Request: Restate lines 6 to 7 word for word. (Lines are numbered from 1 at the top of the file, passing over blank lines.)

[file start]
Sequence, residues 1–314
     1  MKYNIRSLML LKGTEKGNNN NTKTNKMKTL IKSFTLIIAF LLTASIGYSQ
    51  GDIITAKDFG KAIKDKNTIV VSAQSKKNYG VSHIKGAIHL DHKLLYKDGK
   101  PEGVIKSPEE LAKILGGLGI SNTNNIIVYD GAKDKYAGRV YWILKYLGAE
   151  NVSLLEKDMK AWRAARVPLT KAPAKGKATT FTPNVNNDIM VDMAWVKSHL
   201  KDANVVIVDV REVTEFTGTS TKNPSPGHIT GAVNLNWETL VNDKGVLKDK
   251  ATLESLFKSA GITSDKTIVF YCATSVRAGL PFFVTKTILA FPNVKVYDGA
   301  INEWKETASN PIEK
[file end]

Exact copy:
   201  KDANVVIVDV REVTEFTGTS TKNPSPGHIT GAVNLNWETL VNDKGVLKDK
   251  ATLESLFKSA GITSDKTIVF YCATSVRAGL PFFVTKTILA FPNVKVYDGA